Tribes demand speed up of culvert fixes for salmon

By Tim Klass
Seattle, Washington (AP) 11-09

A federal judge should order Washington state to drastically increase the pace of fixing culverts that block salmon passage because nothing else will get the job done in a reasonable amount of time, a lawyer for Native American tribes said.

John C. Sledd, representing nine of the 19 tribes in the case, asked U.S. District Judge Ricardo S. Martinez to order repairs to end salmon blockages caused by all state highway culverts within 20 years and those caused by culverts under the jurisdiction of other state agencies within six years.

Two tribal fisheries managers, Charlene Krise of the Squaxin Island reservation near Shelton and Lorraine Loomis of the Swinomish reservation near La Conner, told the judge their people have been hard-hit spiritually as well as economically by the depletion of salmon runs that is at least partly the result of bad culverts.

Assistant Attorney General Rene D. Tomisser argued that the case was a “distraction” from cooperative salmon restoration efforts by governmental agencies, tribes and private interests and that, if granted, the tribes’ timetable would focus excessively on one aspect at the expense of others such as habitat restoration, hatcheries and changes in harvesting and hydroelectric dam operations.

Presiding over a tangle of fishing rights litigation dating from 1970, Martinez ruled in August 2007 that the state must ensure that its thousands of culverts do not block salmon migration, cutting the catch of the iconic fish on which tribes have relied from time immemorial for subsistence, culture and commerce.

Under treaties dating from the mid-19th century, the tribes must be allowed not only to fish but to catch fish, and the state is obligated not to diminish salmon runs with culverts, the judge ruled.

Tribal fishing activists, leaders and scientific experts have complained that decrepit and ill-designed water conduits beneath roadbeds have blocked more than 250 miles of streams to adult salmon trying to reach spawning grounds and to juvenile fish heading out to sea.

Both sides agree that the culverts need to be fixed – Tomisser noted that the state began fixing bad culverts in 1991, 10 years before that aspect of the issue was raised in federal court – but negotiations on the pace of the work have run aground.

“That summary judgment reinforced the tribes treaty rights. Now is the time to enforce it,” Sledd said.

An average of $2.3 million is needed to fix each of the 807 state Transportation Department culverts that pose a significant blockage to salmon, each project must be custom-designed and adopting the tribes’ timetable would boost spending on the highway share alone from about $15 million in the current biennium to $185 million, Tomisser said.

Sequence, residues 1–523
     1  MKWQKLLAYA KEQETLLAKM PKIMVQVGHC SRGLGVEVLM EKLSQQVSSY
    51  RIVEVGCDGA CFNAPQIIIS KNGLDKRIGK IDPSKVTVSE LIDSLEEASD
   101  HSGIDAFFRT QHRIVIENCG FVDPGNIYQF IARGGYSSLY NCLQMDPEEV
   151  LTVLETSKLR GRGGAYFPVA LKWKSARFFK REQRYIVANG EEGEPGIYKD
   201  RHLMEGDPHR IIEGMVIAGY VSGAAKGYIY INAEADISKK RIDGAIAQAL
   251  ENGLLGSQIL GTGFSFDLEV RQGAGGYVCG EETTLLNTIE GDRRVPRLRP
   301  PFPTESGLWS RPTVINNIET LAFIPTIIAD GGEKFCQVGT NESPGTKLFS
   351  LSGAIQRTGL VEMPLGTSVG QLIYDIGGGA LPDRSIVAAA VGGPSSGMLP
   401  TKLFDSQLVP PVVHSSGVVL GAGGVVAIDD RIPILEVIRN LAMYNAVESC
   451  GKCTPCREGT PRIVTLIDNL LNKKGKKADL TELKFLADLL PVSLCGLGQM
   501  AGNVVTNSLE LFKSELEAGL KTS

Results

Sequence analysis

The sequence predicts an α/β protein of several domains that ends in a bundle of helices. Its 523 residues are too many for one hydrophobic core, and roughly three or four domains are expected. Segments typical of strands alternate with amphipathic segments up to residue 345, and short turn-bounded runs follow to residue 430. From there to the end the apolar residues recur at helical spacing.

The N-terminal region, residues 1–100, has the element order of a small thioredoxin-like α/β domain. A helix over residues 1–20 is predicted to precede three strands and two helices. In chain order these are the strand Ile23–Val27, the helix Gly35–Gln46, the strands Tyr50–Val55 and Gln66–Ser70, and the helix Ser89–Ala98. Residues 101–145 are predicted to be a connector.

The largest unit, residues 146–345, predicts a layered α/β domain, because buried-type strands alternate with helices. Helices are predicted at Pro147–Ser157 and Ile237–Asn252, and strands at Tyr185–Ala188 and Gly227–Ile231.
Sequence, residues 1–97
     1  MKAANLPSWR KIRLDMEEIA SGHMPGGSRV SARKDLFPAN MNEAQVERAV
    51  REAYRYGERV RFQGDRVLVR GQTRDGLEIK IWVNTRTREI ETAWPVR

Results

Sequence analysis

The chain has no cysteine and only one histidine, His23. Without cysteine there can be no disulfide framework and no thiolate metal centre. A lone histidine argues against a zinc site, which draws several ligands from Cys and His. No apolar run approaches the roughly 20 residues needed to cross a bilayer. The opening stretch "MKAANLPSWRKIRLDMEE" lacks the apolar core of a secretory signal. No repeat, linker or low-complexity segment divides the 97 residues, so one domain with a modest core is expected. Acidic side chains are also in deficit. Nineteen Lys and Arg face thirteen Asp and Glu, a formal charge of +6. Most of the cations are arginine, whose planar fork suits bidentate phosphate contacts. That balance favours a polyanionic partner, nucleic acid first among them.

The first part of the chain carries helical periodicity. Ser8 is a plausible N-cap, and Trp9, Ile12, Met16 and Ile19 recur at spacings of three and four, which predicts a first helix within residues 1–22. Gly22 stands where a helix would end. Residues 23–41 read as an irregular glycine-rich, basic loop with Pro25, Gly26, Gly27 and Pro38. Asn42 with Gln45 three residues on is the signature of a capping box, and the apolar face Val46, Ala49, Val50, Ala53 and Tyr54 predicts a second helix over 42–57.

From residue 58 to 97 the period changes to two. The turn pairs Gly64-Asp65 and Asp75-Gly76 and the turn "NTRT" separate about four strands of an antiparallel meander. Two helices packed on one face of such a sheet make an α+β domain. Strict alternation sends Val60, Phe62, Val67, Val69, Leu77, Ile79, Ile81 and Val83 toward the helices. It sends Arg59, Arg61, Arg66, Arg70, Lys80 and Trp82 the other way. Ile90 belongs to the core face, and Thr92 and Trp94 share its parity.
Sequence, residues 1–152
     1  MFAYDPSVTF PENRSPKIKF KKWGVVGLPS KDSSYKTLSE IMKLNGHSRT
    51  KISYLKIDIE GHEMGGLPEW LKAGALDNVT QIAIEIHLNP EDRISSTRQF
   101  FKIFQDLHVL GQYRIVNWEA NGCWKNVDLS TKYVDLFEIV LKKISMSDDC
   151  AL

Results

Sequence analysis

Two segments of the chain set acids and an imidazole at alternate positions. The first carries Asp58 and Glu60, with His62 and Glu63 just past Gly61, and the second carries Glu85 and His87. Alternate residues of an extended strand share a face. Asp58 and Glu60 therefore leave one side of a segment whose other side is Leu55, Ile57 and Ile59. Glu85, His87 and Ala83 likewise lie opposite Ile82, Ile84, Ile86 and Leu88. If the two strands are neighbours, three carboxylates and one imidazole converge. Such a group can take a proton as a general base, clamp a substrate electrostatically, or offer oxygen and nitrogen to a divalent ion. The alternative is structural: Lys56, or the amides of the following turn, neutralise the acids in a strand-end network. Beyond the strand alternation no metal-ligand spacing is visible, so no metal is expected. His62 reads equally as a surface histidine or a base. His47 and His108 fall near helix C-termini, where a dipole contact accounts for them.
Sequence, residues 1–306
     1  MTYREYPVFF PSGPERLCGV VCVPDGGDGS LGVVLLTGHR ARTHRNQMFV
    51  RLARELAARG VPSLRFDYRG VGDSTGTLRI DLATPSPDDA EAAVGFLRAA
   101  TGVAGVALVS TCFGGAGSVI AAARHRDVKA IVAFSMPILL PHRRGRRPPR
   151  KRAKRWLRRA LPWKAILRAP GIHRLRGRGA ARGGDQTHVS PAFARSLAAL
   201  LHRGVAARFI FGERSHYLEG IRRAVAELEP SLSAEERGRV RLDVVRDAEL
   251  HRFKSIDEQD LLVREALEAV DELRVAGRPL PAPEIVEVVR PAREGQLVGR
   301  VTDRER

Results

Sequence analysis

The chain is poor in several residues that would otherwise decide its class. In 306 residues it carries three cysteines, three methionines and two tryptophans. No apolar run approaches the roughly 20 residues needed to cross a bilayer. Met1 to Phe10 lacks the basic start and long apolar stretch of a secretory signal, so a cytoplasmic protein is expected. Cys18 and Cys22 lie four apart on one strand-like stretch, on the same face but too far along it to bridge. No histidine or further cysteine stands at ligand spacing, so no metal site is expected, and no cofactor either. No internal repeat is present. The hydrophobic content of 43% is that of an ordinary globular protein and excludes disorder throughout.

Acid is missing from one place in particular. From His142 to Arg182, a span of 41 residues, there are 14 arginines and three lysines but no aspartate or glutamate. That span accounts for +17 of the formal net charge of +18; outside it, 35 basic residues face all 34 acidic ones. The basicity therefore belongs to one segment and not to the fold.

“You don’t just send a couple of maintenance workers out with a shovel and a bag of cement,” he said. “The budget is a constraint that the court simply has to take into account.”

Scientific research indicates culverts are “not the primary factor” in the decline of salmon runs and that fixing the blockages would not necessarily be “the best bang for the buck” in restoring fish populations, Tomisser asserted.

Testimony is scheduled to run through Oct. 30. Martinez is hearing the case without a jury.

Krise and Loomis, both members of their tribal councils, said salmon was a staple of their families’ diet and a near-necessity for community events ranging from baby namings, weddings and funerals to spiritual ceremonies such as honoring the first salmon of the fishing season.

“When we have a Shaker Church gathering, there’s always salmon ... fish stew, salmon eggs, smoked fish heads,” Krise said.

Petroglyphs and other Squaxin Island tribal museum artifacts dating back 7,000 years depict her ancestors catching and eating salmon, she said.

Loomis, vice chairwoman of the Northwest Indian Fisheries Commission, listed three of her ancestors among the tribal signers of the Treaty of Point Elliott in 1855 and said fishing and hunting rights were primary concerns in the preceding negotiations.

“Fishing was just handed down from generation to generation,” she said. “It was taught and taught, generation to generation. We lived it.”

 

 

 

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